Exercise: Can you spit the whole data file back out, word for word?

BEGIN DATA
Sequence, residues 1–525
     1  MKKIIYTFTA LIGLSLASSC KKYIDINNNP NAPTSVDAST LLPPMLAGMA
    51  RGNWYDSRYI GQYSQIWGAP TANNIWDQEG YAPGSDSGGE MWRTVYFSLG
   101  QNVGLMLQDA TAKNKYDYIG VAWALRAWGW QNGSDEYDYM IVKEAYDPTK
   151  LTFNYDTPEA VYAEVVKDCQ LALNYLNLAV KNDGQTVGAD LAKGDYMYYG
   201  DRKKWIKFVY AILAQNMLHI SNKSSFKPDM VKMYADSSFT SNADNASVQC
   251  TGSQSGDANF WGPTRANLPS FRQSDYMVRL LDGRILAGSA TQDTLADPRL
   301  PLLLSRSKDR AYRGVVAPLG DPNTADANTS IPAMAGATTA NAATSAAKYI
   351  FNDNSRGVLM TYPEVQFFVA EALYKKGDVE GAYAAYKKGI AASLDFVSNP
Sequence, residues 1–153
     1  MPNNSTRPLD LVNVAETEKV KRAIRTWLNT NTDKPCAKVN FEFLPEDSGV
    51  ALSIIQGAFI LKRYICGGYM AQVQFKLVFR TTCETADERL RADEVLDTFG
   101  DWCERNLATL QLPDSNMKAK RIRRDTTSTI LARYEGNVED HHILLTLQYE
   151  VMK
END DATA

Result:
Sequence, residues 1–525
     1  MKKIIYTFTA LIGLSLASSC KKYIDINNNP NAPTSVDAST LLPPMLAGMA
    51  RGNWYDSRYI GQYSQIWGAP TANNIWDQEG YAPGSDSGGE MWRTVYFSLG
   101  QNVGLMLQDA TAKNKYDYIG VAWALRAWGW QNGSDEYDYM IVKEAYDPTK
   151  LTFNYDTPEA VYAEVVKDCQ LALNYLNLAV KNDGQTVGAD LAKGDYMYYG
   201  DRKKWIKFVY AILAQNMLHI SNKSSFKPDM VKMYADSSFT SNADNASVQC
   251  TGSQSGDANF WGPTRANLPS FRQSDYMVRL LDGRILAGSA TQDTLADPRL
   301  PLLLSRSKDR AYRGVVAPLG DPNTADANTS IPAMAGATTA NAATSAAKYI
   351  FNDNSRGVLM TYPEVQFFVA EALYKKGDVE GAYAAYKKGI AASLDFVSNP
Sequence, residues 1–153
     1  MPNNSTRPLD LVNVAETEKV KRAIRTWLNT NTDKPCAKVN FEFLPEDSGV
    51  ALSIIQGAFI LKRYICGGYM AQVQFKLVFR TTCETADERL RADEVLDTFG
   101  DWCERNLATL QLPDSNMKAK RIRRDTTSTI LARYEGNVED HHILLTLQYE
   151  VMK